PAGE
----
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VINTAGRAPH • WPA • WWII • RAINIER NATIONAL PARK: c. 1920s

Return Trip: 1901

Return Trip: 1901

Circa 1901. "Excursion steamers Tashmoo and Idlewild at wharves." At least our third look at these day-trippers tied up at the Detroit River wharf, in a sort of Shorpy version of "Groundhog Day." 8x10 inch glass negative. View full size.

 

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No barefeet in Tashmoo Park

For a quick read on what all the hustle and bustle is about check it out here.

As usual

Another Tashmoo picture, bursting with vitality.

Boaters on their heads - Ships in the river

I would say that 1901 is a little too early for this image.

The ship heading upbound in the background appears to be the Columbia that was built in 1902 and made day-trips to Bob-lo Island Amusement Park in the middle of the Detroit River.

[The negative bears a copyright date of 1901 and was exposed in 1900 or 1901. The ship in the background is the City of Cleveland, launched 1886. - Dave]

Safety Codes?

That ship looks seriously overcrowded. Granted this was two years before the Titanic, but even so, as far as I can see there are just four(!) lifeboats for all those people. And if the Titanic has not yet gone down at least they should remember the General Slocum from just six years previously.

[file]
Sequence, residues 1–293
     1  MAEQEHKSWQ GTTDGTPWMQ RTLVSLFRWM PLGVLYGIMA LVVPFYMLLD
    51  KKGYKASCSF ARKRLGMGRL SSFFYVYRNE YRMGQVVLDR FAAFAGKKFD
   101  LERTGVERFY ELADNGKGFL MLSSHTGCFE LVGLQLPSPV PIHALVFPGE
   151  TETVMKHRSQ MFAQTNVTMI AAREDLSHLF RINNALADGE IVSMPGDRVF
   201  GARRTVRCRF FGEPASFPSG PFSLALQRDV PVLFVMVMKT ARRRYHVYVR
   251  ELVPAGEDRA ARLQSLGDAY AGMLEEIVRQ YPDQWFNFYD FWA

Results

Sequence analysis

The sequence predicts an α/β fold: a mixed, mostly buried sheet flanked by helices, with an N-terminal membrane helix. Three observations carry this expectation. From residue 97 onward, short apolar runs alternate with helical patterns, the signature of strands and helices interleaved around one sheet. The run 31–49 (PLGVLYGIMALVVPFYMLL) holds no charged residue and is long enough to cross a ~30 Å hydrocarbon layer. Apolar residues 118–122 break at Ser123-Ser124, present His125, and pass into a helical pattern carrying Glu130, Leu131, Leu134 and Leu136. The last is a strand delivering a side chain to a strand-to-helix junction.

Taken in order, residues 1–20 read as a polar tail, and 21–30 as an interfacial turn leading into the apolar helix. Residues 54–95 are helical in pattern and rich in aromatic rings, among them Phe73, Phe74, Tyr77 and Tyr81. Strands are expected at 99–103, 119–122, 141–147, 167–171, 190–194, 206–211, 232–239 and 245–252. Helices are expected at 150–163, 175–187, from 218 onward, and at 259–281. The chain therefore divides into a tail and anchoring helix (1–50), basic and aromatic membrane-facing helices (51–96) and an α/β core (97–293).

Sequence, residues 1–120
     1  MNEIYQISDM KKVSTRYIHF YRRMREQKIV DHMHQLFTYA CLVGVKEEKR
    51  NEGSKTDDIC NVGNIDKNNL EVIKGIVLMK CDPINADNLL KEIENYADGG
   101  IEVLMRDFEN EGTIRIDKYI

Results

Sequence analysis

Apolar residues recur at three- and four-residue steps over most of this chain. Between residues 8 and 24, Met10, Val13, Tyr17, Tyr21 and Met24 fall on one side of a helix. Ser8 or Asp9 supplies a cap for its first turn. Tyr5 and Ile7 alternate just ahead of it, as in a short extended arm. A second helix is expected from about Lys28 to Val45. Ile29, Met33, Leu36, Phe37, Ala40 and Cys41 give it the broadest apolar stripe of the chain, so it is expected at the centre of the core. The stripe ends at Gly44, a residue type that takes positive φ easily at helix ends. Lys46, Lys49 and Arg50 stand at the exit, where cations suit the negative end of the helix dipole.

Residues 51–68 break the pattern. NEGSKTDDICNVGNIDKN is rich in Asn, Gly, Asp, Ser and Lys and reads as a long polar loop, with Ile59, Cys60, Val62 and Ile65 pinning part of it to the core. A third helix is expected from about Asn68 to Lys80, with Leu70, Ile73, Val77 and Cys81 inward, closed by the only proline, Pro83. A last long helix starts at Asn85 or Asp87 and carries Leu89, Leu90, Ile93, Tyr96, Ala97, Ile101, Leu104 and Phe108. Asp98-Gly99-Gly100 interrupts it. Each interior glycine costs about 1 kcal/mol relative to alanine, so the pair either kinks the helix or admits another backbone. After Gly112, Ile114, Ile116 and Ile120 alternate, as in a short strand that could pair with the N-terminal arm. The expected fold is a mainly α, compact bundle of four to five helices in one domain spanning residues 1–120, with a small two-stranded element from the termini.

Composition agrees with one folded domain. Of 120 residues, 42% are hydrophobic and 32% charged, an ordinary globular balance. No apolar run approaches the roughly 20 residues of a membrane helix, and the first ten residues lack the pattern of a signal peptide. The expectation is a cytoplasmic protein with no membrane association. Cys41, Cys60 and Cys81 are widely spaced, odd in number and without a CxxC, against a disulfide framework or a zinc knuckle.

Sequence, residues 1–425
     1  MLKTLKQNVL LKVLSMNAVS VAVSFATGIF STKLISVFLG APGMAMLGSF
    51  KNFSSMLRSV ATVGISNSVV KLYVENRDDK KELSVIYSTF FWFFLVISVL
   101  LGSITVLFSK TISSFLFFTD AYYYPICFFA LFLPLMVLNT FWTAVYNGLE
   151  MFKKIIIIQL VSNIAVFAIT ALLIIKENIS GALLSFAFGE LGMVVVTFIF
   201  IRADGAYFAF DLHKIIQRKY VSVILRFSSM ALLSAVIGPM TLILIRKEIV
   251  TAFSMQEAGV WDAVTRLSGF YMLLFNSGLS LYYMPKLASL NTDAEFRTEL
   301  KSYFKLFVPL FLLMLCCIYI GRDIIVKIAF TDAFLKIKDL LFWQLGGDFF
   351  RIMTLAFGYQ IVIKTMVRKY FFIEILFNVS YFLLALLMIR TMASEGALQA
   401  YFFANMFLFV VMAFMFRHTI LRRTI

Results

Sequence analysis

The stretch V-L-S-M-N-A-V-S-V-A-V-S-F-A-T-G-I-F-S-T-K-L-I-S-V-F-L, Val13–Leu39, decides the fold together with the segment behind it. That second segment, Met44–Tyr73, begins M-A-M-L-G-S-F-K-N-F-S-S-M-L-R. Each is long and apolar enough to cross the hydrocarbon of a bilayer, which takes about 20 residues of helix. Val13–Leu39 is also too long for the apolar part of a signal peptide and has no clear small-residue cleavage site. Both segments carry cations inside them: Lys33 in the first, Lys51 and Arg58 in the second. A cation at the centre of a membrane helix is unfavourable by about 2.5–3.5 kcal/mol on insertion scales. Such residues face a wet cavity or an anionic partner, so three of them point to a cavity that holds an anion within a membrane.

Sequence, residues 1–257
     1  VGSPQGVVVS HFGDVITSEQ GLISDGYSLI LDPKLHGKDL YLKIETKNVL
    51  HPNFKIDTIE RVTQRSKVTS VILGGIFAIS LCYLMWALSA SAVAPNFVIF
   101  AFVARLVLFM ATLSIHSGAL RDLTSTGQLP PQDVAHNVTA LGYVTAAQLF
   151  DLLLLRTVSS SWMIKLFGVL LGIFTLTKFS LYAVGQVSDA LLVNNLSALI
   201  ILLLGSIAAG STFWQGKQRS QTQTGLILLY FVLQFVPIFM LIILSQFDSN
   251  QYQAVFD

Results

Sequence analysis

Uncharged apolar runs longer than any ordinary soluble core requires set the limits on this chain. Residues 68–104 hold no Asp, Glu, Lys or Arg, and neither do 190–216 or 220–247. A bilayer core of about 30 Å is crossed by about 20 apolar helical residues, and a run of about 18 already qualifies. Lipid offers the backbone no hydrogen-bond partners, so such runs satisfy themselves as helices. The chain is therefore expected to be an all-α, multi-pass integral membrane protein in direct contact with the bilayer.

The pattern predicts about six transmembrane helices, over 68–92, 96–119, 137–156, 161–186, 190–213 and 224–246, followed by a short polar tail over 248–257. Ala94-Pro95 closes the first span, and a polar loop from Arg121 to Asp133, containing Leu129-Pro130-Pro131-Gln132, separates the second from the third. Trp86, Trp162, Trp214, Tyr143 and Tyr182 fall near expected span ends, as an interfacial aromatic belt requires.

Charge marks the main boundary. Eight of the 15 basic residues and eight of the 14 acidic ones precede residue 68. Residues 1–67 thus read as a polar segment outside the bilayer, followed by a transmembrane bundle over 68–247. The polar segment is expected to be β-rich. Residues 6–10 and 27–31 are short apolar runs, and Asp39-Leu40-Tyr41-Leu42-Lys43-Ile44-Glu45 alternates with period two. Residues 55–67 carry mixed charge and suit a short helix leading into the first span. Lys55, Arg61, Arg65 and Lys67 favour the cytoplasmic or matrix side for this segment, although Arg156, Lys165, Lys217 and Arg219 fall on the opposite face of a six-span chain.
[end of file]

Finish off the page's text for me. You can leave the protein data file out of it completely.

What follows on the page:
Color me nervous.

On the upside, lots of really sharply dressed people in an age when people actually cared about their appearance when in public.

Correction: I misread the date and thought it was 1910. Hence the odd references to events that have not yet occurred. A/O

I wonder if Tashmoo

translates as Floating Sardine Can.

The Age of Steam, Hats, and Bicycles

This delightful photo illustrates three trends which have passed into history.

The "Idlewild" has a clearly visible "walking beam" just aft of her stack. This is part of an old-fashioned (usually) single-cylinder steam side-wheel engine.

See the lines of horse-drawn coal wagons waiting on the wharf to the right of the "Idlewild." A lot of human and equine labor will be expended to get that coal into the ship's bunkers. Compare that with pumping fuel into a modern ship, which requires little human effort.

Everybody has a hat! Some of them look pretty expensive.

1901 would seem to be toward the end of the golden age of bicycling, but certainly there are many in view. They are fairly modern-looking; I cannot spot any of the early Penny Farthing type with the huge front wheel.

All-in-all, yet another delightful Shorpy discovery, one that reminds me of riding the oil-fired Hudson River Day Line side-wheeler "Alexander Hamilton" in my boyhood.

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